Bob Driver sig (new)

Back in 1925, when the founders of the New Yorker magazine published their first issue, I don’t think one of their ambitions was to try to make many of its future readers feel stupid, uneducated and/or naive. Even so, that’s what has happened. Over time I have spoken to — or read about — many New Yorker fans. A common statement has been “I don’t understand most of the articles, but I love the cartoons.”

I’ve subscribed to the New Yorker by fits and starts over the years. I’ve visited New York City only a few times, and I’m the last person who’ll ever boast, “Yeah, great town and great magazine. Tell me what you’d like to know.” On any sophistication rating scale, I’d score closer to the “hayseed” ranking than the “cultured” or “cosmopolitan” label.

Even so, I’ve enjoyed and respected the magazine for serving as an outlet for many excellent writers, cartoonists and (I guess) poets. I’ve tried to comprehend the New Yorker’s poetry, and I usually fail.

I recently re-subscribed to the magazine for a few months. Although the newsstand price of each issue is $8.99, subscription rates go for $2 or thereabouts, which is a pleasure for thrifty simpletons like me.

I’m noticing some distinct changes in the New Yorker since the last time I signed up. In the past, readers could expect a mixture of short, bright articles plus a few pieces that filled maybe four or five pages. Today, it seems, the editors have told some of the contributing writers, “Don’t worry about length. The more words, the better.” Or something like that.

A recent profile of presidential candidate Sen. Elizabeth Warren occupied 12 full such pages, give or take two photos and three cartoons. Details such as the color of her cardigan and the name of her golden retriever (Bailey) were included. Will these details help voters to decide yes or no on Warren’s qualifications 16 months from now? Who knows? Does it matter? Apparently yes, to the New Yorker.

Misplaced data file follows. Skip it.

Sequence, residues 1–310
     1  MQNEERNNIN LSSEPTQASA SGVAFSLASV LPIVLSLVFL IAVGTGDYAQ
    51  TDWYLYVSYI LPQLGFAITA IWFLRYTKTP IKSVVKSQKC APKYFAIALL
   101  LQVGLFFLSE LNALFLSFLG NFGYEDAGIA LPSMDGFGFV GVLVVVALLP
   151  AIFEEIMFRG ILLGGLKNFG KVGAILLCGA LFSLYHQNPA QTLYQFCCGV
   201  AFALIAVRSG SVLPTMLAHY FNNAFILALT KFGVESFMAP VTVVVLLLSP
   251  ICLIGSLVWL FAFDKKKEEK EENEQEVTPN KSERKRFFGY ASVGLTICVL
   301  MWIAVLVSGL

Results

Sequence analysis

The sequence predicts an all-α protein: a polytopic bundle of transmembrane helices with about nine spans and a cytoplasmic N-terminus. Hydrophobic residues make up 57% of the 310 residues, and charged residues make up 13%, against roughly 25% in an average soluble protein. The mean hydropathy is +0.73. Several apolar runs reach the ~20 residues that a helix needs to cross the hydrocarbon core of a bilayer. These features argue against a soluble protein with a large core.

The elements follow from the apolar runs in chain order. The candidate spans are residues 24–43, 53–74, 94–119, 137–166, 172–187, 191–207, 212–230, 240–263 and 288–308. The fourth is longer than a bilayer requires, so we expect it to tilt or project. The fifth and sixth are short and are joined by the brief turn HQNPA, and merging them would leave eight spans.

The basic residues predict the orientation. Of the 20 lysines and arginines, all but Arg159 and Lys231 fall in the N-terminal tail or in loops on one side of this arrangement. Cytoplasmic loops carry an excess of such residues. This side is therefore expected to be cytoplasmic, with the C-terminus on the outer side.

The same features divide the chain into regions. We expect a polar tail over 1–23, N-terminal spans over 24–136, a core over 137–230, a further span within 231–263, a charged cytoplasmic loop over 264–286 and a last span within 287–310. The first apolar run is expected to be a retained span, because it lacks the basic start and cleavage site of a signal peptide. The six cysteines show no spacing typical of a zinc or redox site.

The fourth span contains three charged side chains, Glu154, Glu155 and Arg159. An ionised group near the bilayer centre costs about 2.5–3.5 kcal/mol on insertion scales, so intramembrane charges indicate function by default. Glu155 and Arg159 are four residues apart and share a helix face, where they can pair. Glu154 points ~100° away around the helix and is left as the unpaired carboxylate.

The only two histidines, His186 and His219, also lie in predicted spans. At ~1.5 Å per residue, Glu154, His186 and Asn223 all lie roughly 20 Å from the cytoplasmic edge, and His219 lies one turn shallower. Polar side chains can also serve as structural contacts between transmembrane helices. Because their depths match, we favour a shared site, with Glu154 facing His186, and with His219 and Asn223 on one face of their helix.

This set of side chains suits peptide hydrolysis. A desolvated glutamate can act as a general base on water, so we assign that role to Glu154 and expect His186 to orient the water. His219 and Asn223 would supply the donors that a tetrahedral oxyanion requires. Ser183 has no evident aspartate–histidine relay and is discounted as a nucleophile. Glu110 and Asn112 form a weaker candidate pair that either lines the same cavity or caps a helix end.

Less forgivable, in my opinion, was the magazine’s recently devoting nine (Count ‘em! Nine!) full color pages to photos of young basketball players with promising futures. The photos were artsy-crafty — some did not even show the players’ faces. I doubt if Sports Illustrated would have taken up nine pages for such a layout. So why should the New Yorker?

A similar puzzle for sporadic New Yorker subscribers: What has happened in recent years to the magazine’s cartoons? I don’t own many prized possessions, but two of them are collections of New Yorker cartoons. One book is devoted to the work of George Price, whose specialty was spoofing the eccentricities of city folks. The other book weighs about 15 pounds and contains 68,647 cartoons spanning the years between 1925 and 2004.

If these cartoons have any two qualities in common, it is that they are (1) skillfully drawn, and (2) they are funny. What’s more, the viewer didn’t have to possess a Ph.D. to see the humor. Even so, from the start, New Yorker cartoons have assumed most readers to be sophisticated, au courant, in the know, etc. Or at least halfway willing to get plugged in.

I’m not sure I meet those expectations more than 30 percent of the time. As an example, a recent cartoon showed a young man in a T-shirt. On his face was a troubled, puzzled look. On his shoulder stood a miniature devil, fully equipped with horns and a pitchfork. The caption has the devil saying, “We had to make some cutbacks.”

If you can divine the humor in that cartoon, please let me know. It zipped clean past my noggin. In an even more puzzling (to me) cartoon, three surgeons — with masks and caps, in full regalia, — appear to be working on a small open box. The caption says, “For Christ’s sake, Hambleton, stop calling this ‘adulting.’” What is “adulting”? Have I missed something going on in modern medicine, or what?

If so, I’ll gladly plead guilty. When you read the New Yorker, puzzlement is the price you may have to pay.

Bob Driver’s email address is